--Anna
Diary of an Eccentric

Nymeth said...

I do think being honest is more important than being nice. J. Kaye's point that a lot of us have limited reading time and so abandon books we aren't enjoying is a good one too, though. As for me, I enjoy reading negative reviews as long as they don't belittle anyone who has a different opinion. And I can't think of any book bloggers who do that anyway. It has happened that a negative review has lead me to think "hey, I'd enjoy this" and made me pick up the book in question.

Jeanne said...

Anna, Good point about how we get better at judging what books we like--that's one of the reasons I'm looking for a book I think I might not agree with to read this summer.

Nymeth, when a negative review makes you think you'd enjoy a book, that's a review that has given enough detail!

FreshHell said...

I agree. I've read a couple of her books but, frankly, they leave me wanting more. They are written in such a tossed-off sort of way that I get the feeling the writer's not particularly interested in what she's writing (and maybe by now she isn't)or her readers. Snoresville. I think it's important for a reviewer to give her opinion of a book, esp if there's an explanation for the opinion. Why is it good? Why is it bad? The reviewer may not like a book because of the story, the theme, etc. But I might. What I do want to know is, does the reviewer feel the book is well written? Or, is it cliche-ridden, done to death, etc? Is it original? Or an original take on an old story? Worse book I read this year was Kingsley Amis' The Green Man. Before that, it was Woody Allen's most recent book. BLECH.

CSchu said...

I have always found it puzzling that you like the Stephanie Plum books so much, and I could never get into them. We so rarely disagree so strongly about a series. Moreover, I usually like detective series, even if they are not particularly highbrow or deep. But my reaction to this series was pretty much the same as FreshHell's. (Based on your pleasure in the series, I keep thinking that I should go back and try again, maybe it was just not my week to read that book, but if I do, I will definitely stop before I get to "Finger Lickin'..."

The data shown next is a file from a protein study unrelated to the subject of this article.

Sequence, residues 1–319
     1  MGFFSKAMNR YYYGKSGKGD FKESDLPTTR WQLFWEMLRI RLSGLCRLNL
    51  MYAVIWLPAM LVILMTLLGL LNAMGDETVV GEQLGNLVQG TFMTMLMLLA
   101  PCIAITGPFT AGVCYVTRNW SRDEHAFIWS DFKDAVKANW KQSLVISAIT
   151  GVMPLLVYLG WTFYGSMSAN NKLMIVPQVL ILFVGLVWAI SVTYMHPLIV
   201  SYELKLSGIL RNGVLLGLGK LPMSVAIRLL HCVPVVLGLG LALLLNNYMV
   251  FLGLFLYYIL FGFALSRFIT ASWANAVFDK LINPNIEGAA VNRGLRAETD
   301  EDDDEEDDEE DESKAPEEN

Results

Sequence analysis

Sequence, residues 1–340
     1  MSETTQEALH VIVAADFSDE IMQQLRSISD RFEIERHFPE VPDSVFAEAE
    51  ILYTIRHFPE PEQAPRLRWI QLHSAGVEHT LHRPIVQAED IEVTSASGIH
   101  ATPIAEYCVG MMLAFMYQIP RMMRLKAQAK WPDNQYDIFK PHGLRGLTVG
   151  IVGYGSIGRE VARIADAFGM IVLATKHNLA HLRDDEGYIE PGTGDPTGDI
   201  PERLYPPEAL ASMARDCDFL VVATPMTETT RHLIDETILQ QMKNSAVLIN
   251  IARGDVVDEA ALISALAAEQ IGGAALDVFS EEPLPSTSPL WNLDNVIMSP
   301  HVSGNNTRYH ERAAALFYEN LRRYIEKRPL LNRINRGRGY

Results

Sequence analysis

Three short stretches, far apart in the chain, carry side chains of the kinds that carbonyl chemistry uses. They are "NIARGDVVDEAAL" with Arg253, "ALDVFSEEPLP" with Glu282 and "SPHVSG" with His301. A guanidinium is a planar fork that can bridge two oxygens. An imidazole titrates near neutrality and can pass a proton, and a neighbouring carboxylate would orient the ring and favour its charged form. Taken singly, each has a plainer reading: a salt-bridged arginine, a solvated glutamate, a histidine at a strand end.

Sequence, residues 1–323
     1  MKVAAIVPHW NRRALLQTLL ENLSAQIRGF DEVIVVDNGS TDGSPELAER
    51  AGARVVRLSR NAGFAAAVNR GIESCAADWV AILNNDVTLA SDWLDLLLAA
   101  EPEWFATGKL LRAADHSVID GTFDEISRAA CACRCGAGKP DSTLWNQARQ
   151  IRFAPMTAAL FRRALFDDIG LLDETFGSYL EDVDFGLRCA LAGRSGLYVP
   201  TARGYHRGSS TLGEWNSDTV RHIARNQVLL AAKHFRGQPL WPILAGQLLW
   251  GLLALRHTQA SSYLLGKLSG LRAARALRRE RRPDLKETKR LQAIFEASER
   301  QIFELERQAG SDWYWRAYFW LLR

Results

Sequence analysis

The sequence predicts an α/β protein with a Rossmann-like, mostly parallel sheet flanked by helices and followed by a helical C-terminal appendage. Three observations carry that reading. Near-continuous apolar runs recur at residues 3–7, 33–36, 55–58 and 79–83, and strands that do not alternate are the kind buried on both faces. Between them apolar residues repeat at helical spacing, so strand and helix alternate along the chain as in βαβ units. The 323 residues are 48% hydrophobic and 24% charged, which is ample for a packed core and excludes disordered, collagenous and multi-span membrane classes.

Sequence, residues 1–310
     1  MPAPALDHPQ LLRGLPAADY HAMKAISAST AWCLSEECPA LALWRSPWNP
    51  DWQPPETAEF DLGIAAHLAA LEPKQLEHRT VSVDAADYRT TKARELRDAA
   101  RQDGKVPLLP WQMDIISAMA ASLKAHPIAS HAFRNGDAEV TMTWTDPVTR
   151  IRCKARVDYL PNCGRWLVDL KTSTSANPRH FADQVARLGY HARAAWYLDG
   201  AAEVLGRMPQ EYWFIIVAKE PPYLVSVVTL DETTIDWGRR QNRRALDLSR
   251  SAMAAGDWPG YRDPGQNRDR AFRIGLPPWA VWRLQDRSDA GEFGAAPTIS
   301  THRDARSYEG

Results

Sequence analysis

Jeanne said...

Freshhell, I think you're right--even the author is no longer very interested in this series.

CSchu, You like silliness less than I do, and that's one of the pleasures of the first fourteen books in this series.

Lezlie said...

I haven't read any of this particular series, but I have read some very, very early books by her and thought a few of them were very funny. Others, just so-so. Once a series gets to be of the length this one has reached, I assume there are going to be some clunkers somewhere along the way.

Lezlie

Jemima said...

It was interesting reading all the comments about negative book reviews. I have only been reviewing a short time and so I am just feeling my way around. I think so far I have been too polite about books that were badly written. I try to say it gently instead of just putting the truth of what I think out there. Thanks for the input.

M Denise C said...

Personally, I had to stop reading the books at about Twelve. Evanovich just did not evolve in her writing. Six to Eight were laugh out loud hilarious and I loved them but it kind of went down hill for me after that. So I lost all desire to even pick up any of the newer ones. But I have found this trend to be true for many authors who have found a cash cow series and just keep writing in a series that they are no longer interested in but still just keep churning them out. Some examples are Danielle Steel, those Left Behind books, and to an extent John Grisham. The only series I never tire of are the characters of Stuart Woods and I have no idea why . . .

Kim (Sophisticated Dorkiness) said...

I liked the Stephanie Plum books for awhile, but then somewhere in the middle (8, 9?) they started to get really repetitive for me.

As for bad reviews and being "right," I think the important part is being honest. I just drafted a review of a book I disliked a lot, even though many people thought it was great. I was honest about why I didn't like it, but tried to also link to other reviews that disagreed with me so people can get some other perspective.

It was tough though -- I usually write positive reviews because I'm generally good at picking out books I enjoy reading. This one was a more recent book and, apparently, an exception to my ability to pick out books I like :)

Jeanne said...

Yes, as many of you point out, I should have given up on the Stephanie Plum series three or four books ago. As my post today (The Sagan Diaries) points out, I have trouble stopping.

Kim, that's a really good idea, to link to positive reviews of a book that you're reviewing negatively. I've done that before, but it occurs to me that usually I link to something I can use as a straw man.

bermudaonion said...

Sorry to hear this doesn't live up to the rest of the series, because I have it in my stacks to read.

farmlanebooks said...

I agree with you - I am one of the few who are happy to write a negative review for a book. I really wish more people would do it, as I think it is very useful for comparing book tastes.

I have actually found that more people buy books via my links when I say I don't like a book than they do when I rave about one - weird!